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How learners engage with e-learning: findings from the project research
Literature review

The focus on digital storytelling allowed teachers to refine key aspects of the students’ current use of technology and the internet in relation to their developing language skills. This project also channelled students’ existing engagement and enthusiasm for ICTs towards collaborative, learner centred language learning.

Focus group results

A focus group was conducted at the completion of the digital storytelling project. Participants were from Africa, Eastern Europe and Asia, with varying levels of English proficiency.

The researcher therefore presented the students with a print based questionnaire, and asked the students to workshop their answers in small groups.

The students were asked questions about:

  • their level of skill and satisfaction with the technology
  • its application in helping them learn about and improve their English, specifically around developing independent learning strategies, employability skills and its contribution towards their own personal development.

Digital storytelling using Photo Story 3 for Windows software enables students to produce a relatively quick result, whilst still giving students the satisfaction of creating a product that is personally relevant. The findings of the focus group interviews are summarised as follows:

Peer mentoring

The focus group interviews revealed that 50% of the students found the software easy to use. Those who reported difficulties said that “with help from my classmates” they were quickly able to grasp the basics and move on. This reinforces the value of peer mentoring as a strategy to improve English language fluency, facilitated by the introduction of easy, enjoyable and accessible ICT activities.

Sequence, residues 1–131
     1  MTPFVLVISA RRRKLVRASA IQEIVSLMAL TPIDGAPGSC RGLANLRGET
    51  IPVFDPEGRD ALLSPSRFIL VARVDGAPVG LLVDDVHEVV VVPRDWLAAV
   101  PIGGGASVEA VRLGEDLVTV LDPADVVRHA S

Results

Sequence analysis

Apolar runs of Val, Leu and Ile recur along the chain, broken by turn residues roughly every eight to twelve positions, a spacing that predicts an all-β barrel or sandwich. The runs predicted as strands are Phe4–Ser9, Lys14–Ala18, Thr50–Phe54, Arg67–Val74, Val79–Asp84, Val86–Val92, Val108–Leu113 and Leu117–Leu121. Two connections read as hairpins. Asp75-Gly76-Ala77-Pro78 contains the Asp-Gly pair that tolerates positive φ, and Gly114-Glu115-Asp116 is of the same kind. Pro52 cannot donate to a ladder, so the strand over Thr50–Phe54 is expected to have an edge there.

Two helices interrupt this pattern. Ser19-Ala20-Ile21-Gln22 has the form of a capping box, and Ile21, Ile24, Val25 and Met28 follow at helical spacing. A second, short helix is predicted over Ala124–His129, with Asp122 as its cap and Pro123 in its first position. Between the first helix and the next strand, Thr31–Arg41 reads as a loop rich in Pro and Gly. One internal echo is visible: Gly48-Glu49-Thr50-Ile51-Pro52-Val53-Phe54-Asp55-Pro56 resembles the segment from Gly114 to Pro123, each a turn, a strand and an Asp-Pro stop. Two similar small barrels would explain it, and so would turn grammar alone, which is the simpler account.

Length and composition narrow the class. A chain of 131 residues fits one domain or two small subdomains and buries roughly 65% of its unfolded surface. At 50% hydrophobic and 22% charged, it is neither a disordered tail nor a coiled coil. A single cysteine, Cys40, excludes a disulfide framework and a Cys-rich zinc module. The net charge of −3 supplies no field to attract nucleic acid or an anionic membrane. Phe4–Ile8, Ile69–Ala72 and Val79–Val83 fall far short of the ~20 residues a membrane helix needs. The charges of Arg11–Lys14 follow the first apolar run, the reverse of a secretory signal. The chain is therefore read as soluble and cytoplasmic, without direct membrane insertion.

All the students expressed high levels of satisfaction with the process and the products, as they could see the relevance to their major goal, i.e. improving their English skills.

They particularly appreciated the opportunity to “learn new skills” and they could see its application to many other aspects of their lives.

Working with audio

The students were particularly interested in the audio aspects of the project, and wanted to explore recording their voice in order to practice pronunciation, with 66% of students seeing this as something they wanted to pursue further.
Students particularly liked the idea of scripting and recording a narrative. One student commented on the fact that it required him to think (and plan) in English, whilst others could see that it was improving their speaking, listening and reading skills, broadening their vocabulary, as well as giving them more independence in the classroom.

Employability skills

Student responses around improvements in their generic (employability) skills were also very positive with 83% indicating that they worked well as a team and could see improvements in their ability to do so.

Perhaps the greatest gains were in their ability to plan and organise information. In using such a highly visual medium, the student could quite clearly see how this helped them in assessing their efforts, and were able to reassess their work constantly.

Students also reported real gains in their personal development. Although some (33%) indicated that they were scared to start off with, they all reported feelings of pride in their stories, and they were keen to share them with a wider audience.

Level of satisfaction and uptake

All the students indicated that taking part in this project had improved their confidence in their use of ICTs.

Overall their increased confidence in their ICT skills and the real benefit of using the technology in learning English were the two most beneficial aspects of having been part of this project – many students were intrigued by the fact that they could “learn English and computers at the same time”, and another commented on the fact that it alleviated boredom.

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